As the city of New York quickly became one of the country’s first 2019 coronavirus disease (COVID-19) epicenters, the continued delivery of quality healthcare depended on a rapid realignment of resources across NYU Langone Health. In neurology, we shifted to treating the sickest patients diagnosed with COVID-19, while inpatient and outpatient neurological care quickly pivoted to a telemedicine-based model. At the same time, pushing toward innovation, the team uncovered evidence pointing to neurological complications of COVID-19 and the critical role neurologists would play in effectively managing and treating patients with the virus.
With focused and flexible leadership, effective communication, and system-wide collaboration, the Department of Neurology contributed to positive outcomes for patients with COVID-19 while simultaneously maintaining continued quality in neurological care, research, and education.
Fighting a Novel Virus with Unprecedented Innovation
As patient units became overtaxed by patients diagnosed with the novel and unpredictable virus, the moment demanded an expeditious shift in our approach to the safe delivery of care, putting our flexibility and ingenuity to the test. “We experienced a complete transformation of our normal course of operations in a single week—it was a period of necessary adaptability and innovation at every level: clinical care, education, and research,” says Steven L. Galetta, MD, the Philip K. Moskowitz, MD, Professor and Chair of Neurology and professor of ophthalmology. “It quickly became clear that the battle would be won through innovation, and our team responded with inspiring resilience and compassion.”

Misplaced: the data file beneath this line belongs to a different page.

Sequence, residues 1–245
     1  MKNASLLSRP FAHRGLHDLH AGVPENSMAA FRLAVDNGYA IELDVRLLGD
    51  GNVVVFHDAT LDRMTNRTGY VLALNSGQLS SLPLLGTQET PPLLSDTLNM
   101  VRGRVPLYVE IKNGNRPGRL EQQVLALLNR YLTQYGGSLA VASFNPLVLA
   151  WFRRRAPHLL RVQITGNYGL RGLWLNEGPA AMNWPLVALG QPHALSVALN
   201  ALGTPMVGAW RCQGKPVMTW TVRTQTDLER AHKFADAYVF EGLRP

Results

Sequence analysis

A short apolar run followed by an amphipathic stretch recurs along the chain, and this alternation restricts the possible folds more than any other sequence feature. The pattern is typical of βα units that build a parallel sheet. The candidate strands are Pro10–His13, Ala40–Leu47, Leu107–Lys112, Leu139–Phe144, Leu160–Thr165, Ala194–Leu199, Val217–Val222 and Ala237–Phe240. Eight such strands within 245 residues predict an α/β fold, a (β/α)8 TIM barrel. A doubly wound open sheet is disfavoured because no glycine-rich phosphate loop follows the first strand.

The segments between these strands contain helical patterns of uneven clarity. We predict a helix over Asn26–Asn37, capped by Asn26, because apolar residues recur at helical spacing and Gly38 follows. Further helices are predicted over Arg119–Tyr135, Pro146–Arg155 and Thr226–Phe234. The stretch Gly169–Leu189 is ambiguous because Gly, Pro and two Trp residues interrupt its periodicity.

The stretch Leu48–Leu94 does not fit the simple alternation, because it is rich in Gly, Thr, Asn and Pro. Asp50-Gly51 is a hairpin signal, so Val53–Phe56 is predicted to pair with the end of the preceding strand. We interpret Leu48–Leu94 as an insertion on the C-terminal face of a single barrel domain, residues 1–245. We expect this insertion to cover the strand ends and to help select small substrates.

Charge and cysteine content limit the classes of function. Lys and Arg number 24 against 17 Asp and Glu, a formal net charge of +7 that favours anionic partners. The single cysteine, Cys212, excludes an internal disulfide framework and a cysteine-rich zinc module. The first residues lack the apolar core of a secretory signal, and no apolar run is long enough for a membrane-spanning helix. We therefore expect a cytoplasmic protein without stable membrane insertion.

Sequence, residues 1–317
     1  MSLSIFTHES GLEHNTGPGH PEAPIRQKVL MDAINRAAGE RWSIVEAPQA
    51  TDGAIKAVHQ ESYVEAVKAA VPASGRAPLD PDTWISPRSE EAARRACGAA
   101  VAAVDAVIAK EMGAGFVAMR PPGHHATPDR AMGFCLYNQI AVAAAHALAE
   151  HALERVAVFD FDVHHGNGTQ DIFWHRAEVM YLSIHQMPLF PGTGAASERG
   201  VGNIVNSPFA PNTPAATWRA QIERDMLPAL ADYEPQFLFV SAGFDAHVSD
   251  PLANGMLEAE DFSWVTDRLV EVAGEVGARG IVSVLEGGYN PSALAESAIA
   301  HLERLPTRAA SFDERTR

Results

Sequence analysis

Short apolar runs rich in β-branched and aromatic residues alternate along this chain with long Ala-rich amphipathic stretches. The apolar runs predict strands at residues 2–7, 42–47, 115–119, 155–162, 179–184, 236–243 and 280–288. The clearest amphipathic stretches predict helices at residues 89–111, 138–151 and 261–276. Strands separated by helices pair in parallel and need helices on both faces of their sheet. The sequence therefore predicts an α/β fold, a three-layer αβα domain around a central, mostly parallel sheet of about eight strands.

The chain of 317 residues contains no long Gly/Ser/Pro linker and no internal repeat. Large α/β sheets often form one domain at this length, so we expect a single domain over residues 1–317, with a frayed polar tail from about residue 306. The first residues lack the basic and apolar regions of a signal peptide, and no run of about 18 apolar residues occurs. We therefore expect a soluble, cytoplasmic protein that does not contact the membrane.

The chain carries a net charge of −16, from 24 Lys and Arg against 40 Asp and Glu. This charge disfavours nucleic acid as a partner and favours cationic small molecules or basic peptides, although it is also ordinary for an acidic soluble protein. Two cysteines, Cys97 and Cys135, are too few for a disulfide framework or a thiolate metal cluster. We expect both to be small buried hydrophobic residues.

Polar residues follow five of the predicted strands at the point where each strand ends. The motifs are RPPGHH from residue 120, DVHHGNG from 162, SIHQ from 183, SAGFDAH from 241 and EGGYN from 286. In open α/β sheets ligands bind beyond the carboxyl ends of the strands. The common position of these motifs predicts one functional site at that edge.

“We experienced a complete transformation of our normal course of operations in a single week—it was a period of necessary adaptability and innovation at every level: clinical care, education, and research.”
—Steven L. Galetta, MD